The Last Dickens

An intriguing meld of mystery and literary history centered on Dickens’s last novel.

The Last Dickens; By Matthew Pearl; Random House; 400 pp., $25

Anyone who has ever traveled on mass transit has pondered this mystery: Why do buses travel in pods? Where I live you can wait 20 minutes for the No. 39 bus – and when one finally arrives it has the next one on its bumper.

A similar phenomenon occurs in the publishing world. You can wait years for a book on a particular topic – and then two are published almost simultaneously.

Not that that really helps to explain why Matthew Pearl’s The Last Dickens lands on bookstore shelves this week, less than a month after the appearance of Dan Simmon’s “Drood” (reviewed in the Monitor on 2/24/09). Although very different in style, both are meticulously researched mysteries spun around the facts of author Charles Dickens’s final years and his last, unfinished novel, “The Mystery of Edwin Drood.”

Pearl is already acclaimed as a pro in the quirky field of mysteries grafted onto literary history. “The Dante Club” (2003) imagined that Henry Wadsworth Longfellow, Oliver Wendell Holmes Sr., and James Russell Lowell – at work on a collaborative translation of Dante Alighieri’s “The Divine Comedy” from Italian into English – must unravel a series of murders with links to Dante’s Inferno. In “The Poe Shadow” (2006) a young lawyer works to untangle the mystery of Edgar Allen Poe’s death.

This time it’s Dickens’s American publisher James R. Osgood (a historical figure) who must solve a mystery. Osgood travels to England after Dickens’s death to see if he can learn something about the ending Dickens had intended for his last work. En route, however, he learns that the story of Dickens’s novel is now entangled with a series of real-life crimes.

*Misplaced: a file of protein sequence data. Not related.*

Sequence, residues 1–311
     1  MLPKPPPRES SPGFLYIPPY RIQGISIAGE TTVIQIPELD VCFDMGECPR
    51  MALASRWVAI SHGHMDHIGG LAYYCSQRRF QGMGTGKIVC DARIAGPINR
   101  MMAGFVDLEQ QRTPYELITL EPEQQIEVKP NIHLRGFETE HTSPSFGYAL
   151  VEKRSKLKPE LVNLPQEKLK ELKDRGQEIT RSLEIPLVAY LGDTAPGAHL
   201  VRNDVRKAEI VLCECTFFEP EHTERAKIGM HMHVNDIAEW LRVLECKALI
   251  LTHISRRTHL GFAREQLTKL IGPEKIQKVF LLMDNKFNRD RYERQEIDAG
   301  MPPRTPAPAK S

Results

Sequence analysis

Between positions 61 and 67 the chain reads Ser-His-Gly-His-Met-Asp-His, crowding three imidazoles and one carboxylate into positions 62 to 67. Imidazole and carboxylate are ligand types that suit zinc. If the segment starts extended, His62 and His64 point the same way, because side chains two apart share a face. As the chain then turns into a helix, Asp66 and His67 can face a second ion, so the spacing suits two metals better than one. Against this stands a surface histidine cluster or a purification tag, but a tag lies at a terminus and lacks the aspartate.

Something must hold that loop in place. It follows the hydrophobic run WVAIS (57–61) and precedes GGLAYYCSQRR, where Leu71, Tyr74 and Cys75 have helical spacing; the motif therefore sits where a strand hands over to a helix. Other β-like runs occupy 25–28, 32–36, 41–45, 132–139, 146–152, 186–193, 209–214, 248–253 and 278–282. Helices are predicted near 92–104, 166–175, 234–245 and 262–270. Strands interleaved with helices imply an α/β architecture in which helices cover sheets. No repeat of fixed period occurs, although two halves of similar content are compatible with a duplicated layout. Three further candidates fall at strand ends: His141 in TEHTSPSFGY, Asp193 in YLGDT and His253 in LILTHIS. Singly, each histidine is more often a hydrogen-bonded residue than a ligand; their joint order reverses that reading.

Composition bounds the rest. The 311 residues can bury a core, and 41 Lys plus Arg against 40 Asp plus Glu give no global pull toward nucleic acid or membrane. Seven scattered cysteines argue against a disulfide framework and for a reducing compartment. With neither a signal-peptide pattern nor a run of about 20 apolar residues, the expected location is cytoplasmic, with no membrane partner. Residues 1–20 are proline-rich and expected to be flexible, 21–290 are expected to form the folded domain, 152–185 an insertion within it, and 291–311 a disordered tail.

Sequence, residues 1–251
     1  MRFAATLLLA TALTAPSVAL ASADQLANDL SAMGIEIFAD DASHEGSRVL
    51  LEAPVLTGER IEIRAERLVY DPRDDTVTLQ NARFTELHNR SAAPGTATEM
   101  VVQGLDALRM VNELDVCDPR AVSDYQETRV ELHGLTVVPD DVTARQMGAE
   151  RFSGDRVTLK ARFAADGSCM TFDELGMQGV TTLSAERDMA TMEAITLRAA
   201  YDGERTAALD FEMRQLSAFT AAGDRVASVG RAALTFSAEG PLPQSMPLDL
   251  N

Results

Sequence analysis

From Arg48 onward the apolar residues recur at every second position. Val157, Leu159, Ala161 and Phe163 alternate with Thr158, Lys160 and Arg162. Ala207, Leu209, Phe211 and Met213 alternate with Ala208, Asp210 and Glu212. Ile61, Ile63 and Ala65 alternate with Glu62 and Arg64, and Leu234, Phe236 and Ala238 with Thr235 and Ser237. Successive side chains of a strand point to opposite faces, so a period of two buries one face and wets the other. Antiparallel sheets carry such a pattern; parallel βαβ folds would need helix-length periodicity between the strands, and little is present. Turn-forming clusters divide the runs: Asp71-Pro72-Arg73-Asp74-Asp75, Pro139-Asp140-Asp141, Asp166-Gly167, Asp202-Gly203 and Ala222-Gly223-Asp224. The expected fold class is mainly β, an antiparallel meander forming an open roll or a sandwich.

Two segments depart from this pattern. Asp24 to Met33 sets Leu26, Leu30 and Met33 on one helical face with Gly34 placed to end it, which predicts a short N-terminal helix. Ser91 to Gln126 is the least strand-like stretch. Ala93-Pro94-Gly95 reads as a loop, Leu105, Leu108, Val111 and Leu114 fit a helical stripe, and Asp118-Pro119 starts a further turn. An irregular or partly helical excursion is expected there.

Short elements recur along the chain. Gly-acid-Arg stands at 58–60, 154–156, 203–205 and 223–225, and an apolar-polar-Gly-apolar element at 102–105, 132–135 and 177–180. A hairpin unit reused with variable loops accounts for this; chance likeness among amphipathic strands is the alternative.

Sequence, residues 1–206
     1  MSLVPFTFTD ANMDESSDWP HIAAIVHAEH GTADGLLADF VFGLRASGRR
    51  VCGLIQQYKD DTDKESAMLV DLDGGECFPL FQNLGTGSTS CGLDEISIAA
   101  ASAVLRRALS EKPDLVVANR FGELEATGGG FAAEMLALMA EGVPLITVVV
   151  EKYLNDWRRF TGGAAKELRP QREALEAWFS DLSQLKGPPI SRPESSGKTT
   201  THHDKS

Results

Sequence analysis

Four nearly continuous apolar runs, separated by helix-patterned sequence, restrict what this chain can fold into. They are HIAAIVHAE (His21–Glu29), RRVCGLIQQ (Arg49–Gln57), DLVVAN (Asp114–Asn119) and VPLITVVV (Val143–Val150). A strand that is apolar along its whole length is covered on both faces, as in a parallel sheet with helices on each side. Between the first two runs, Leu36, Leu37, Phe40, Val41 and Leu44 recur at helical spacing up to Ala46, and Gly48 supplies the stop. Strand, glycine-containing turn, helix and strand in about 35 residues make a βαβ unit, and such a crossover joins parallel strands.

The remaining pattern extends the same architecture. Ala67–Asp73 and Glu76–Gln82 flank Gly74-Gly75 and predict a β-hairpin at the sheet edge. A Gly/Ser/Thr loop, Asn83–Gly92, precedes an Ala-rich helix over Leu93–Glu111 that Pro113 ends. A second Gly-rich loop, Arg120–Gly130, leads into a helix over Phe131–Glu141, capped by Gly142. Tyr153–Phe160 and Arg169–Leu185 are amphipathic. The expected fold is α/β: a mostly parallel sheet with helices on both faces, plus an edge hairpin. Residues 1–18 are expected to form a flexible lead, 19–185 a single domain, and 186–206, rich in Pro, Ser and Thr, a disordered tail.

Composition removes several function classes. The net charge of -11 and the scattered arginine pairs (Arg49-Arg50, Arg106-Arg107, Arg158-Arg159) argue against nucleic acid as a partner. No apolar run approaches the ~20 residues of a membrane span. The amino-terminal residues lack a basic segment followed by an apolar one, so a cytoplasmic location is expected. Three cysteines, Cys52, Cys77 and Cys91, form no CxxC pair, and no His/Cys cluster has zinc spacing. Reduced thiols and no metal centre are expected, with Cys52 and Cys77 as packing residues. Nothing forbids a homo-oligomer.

One of the pleasures of reading Pearl comes from enjoying the intelligently detailed 19th-century settings he constructs. In “The Last Dickens” – which ranges from Boston to London to Bengal, India – he recreates a world in which there were no international copyright laws, Andrew Johnson’s impeachment loomed as a horrific scandal, and decorous steam elevators eased transit in office buildings. He also gives a contemporary feel to his works by reminding us that the 19th century – in which the drug trade, organized crime, and urban blight loomed large – was less genteel than we tend to imagine. (And “The Last Dickens” gives perspective to Harry Potter mania, by recreating the mile-and-a-half long lines of readers who turned out to see Dickens in the United States and the celebrity frenzy that surrounded his every move.)

On this period-correct stage, Osgood interacts with a series of historic figures (including Dickens himself) and a number of fictional ones. Osgood must not only solve a mystery but must also save his business and find a way to court a lovely, divorced bookkeeper without either scaring her or breaking the law.

One of the pleasures of “The Dante Club” was the interaction among the literati (Longfellow, Holmes, and Lowell) as imagined by Pearl. In “The Last Dickens,” Dickens himself appears but has less chance to live and breathe as a character. (There are, however, some small real-life gems scattered here and there, such as Dickens’s  actual rescue of some stranded animals while in the US.)

The story of “The Last Dickens” also lacks some of the urgency of “The Dante Club,” although when the plot pieces fall into place at the end – tying up some seemingly disparate strands – they come together with a very satisfying kind of click.

For readers who enjoy the meld of mystery with literary history, this is a season full of possibility. “Drood” and “The Last Dickens” are books of different flavors. “Drood” features a compelling (and creepy) narrator intent on playing mind games with the reader. “The Last Dickens” works more like a Swiss watch – intricately pieced together and quite rational. But taken together they offer more than 1,000 pages of absorbing reading – and serve as a fitting testament to the thrall in which many of us are still held by the world of the great Victorian novelists.

Marjorie Kehe is the Monitor’s book editor.

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